The seven Expedition 69 crew members are turning their attention to a pair of spacewalks and a cargo mission after saying goodbye to their Axiom Mission-2 (Ax-2) guests on Tuesday. Meanwhile, a pair of experiments onboard the International Space Station on Wednesday looked at monitoring health and 3D printing.
The four astronauts and three cosmonauts that comprise Expedition 69 are resuming their standard mission activities today following the departure of four Ax-2 astronauts. Next up in June for the orbital residents are a pair of spacewalks to upgrade the station’s power generation system and a commercial resupply mission.
Mission managers will preview the upcoming power upgrade spacewalks during a news conference live on NASA TV at 12 p.m. EDT on Thursday. The first spacewalk will begin at 9:15 a.m. on June 9 with NASA Flight Engineers Stephen Bowen and Woody Hoburg. The duo will exit the Quest airlock in their Extravehicular Mobility Units (EMUs), or spacesuits, and install a new roll-out solar array on the orbital lab’s starboard-side truss segment. The second spacewalk will take place on June 15 with a duo going back out in EMUs and installing another roll-out solar array on the starboard truss.
Bowen and Hoburg started Wednesday morning reviewing their spacewalk activities and cleaning spacesuit cooling loops. The pair then joined Flight Engineers Frank Rubio of NASA and Sultan Alneyadi of UAE (United Arab Emirates) in the afternoon for spacewalk training. The quartet logged into a computer and practiced the Canadarm2 robotic arm maneuvers necessary to support the solar array installation work planned for next Friday.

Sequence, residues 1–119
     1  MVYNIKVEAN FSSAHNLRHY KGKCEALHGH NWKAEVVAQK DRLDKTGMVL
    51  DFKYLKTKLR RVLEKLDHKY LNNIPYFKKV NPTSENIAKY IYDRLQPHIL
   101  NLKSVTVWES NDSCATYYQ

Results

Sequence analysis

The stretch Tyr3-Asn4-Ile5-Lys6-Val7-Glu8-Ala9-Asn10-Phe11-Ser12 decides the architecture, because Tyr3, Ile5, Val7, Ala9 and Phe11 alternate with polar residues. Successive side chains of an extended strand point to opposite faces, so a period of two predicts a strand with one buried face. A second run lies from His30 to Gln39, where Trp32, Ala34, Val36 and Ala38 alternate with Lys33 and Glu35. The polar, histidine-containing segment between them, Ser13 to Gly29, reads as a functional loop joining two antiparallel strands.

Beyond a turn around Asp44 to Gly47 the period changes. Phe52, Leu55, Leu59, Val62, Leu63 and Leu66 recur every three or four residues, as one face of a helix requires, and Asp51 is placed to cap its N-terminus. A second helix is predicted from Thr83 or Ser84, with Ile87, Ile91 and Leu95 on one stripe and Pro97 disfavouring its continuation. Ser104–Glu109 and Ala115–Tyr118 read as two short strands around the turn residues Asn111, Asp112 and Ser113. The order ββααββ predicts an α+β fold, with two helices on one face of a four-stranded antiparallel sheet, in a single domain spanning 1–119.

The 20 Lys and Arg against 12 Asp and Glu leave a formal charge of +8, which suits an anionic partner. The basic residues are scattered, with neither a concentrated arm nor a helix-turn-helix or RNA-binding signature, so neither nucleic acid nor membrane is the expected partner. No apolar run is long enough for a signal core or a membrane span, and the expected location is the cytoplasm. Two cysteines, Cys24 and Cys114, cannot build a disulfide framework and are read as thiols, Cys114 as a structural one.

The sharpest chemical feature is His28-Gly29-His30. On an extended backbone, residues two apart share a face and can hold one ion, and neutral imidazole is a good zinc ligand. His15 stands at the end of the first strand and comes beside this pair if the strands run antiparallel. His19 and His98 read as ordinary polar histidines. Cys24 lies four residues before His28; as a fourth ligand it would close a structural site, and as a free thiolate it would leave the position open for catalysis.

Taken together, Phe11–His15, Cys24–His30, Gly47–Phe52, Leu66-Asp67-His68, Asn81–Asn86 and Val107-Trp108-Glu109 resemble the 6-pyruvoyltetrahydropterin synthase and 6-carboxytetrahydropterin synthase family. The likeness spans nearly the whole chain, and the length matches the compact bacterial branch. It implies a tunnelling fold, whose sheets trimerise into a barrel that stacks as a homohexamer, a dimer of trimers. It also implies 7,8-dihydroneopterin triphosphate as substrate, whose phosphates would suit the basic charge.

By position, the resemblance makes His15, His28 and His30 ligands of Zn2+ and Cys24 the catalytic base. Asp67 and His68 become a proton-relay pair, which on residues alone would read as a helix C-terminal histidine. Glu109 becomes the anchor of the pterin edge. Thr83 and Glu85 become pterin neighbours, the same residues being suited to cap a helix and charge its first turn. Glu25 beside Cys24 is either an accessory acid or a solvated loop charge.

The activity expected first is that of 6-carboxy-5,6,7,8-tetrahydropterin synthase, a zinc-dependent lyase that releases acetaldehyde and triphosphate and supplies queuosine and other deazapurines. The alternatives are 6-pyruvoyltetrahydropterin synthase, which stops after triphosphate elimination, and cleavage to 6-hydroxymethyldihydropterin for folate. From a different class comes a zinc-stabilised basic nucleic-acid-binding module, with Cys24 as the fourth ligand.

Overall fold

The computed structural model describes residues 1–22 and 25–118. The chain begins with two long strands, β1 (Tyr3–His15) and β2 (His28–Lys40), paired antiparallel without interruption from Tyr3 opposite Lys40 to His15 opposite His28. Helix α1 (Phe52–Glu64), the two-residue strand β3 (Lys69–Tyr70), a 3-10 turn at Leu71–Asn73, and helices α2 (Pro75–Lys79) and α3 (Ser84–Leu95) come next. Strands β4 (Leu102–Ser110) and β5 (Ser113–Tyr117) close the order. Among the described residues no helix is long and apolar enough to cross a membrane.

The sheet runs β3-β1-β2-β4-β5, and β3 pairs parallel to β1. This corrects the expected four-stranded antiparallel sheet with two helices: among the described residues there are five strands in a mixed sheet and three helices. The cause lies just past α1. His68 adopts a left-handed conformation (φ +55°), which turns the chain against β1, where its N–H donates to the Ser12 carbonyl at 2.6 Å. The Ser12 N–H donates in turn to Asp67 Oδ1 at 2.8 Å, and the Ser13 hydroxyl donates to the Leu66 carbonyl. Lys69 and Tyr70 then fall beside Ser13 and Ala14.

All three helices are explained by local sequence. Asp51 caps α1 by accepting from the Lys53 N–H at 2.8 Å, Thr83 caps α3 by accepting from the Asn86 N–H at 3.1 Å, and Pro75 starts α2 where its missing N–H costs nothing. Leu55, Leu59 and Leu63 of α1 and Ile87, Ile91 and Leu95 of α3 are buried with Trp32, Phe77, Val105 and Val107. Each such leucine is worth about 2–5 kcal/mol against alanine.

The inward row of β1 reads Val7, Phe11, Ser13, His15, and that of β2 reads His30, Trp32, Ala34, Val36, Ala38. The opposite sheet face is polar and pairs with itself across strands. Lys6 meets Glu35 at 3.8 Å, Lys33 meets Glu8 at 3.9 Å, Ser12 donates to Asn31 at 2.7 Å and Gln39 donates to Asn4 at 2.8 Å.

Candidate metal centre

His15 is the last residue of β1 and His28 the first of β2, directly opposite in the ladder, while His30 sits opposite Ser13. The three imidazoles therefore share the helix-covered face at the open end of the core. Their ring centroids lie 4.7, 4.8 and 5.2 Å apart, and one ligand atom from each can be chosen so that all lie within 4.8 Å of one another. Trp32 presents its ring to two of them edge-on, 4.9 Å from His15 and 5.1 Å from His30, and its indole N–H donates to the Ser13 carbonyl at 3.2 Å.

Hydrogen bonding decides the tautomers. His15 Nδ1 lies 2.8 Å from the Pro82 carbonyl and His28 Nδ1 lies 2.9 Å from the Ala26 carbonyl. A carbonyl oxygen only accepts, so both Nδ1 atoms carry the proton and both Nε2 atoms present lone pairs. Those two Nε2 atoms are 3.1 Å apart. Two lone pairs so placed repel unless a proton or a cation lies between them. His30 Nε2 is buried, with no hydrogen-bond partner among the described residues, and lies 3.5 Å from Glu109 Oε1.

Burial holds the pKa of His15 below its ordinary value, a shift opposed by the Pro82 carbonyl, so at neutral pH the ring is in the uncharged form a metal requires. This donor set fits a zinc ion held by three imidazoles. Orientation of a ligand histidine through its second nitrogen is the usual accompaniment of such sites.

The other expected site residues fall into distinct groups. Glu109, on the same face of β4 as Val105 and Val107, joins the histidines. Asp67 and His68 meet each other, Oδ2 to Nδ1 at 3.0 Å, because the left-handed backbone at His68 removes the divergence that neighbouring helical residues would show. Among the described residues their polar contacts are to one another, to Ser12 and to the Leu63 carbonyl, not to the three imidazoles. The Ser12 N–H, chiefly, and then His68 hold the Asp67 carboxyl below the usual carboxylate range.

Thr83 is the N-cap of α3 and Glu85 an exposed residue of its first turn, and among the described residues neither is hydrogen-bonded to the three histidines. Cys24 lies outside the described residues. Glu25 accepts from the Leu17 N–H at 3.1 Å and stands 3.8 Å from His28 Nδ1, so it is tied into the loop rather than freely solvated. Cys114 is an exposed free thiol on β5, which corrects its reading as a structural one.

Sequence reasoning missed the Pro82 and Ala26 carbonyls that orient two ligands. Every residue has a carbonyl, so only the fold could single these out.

Both roll-out solar arrays are packed inside the trunk of the SpaceX Dragon cargo craft that is counting down to liftoff at 12:35 p.m. on Saturday from NASA’s Kennedy Space Center. Dragon will arrive at the station for an automated docking to the Harmony module’s space-facing port at 5:36 a.m. on Monday. The new solar arrays will be extracted from Dragon’s trunk with the Canadarm2 two days before the first spacewalk begins and staged on a pallet attached to the starboard truss. Dragon is also carrying new experiments, food, supplies, and hardware to replenish the station crew.
Microgravity science is still continuing onboard the station while the crew gets ready for the upcoming cargo mission and spacewalks. Alneyadi put on the Bio-Monitor vest and headband at the end of the day testing their ability to monitor an astronaut’s health while minimally interfering with crew activities. Commander Sergey Prokopyev worked on a 3D printer to demonstrate printing tools and parts in space reducing the crew’s reliance on cargo missions for hardware.
Prokopyev also partnered with Roscosmos Flight Engineer Dmitri Petelin installing upgraded data cables in the Zvezda service module. Flight Engineer Andrey Fedyaev spent his day on ventilation and electronics maintenance.
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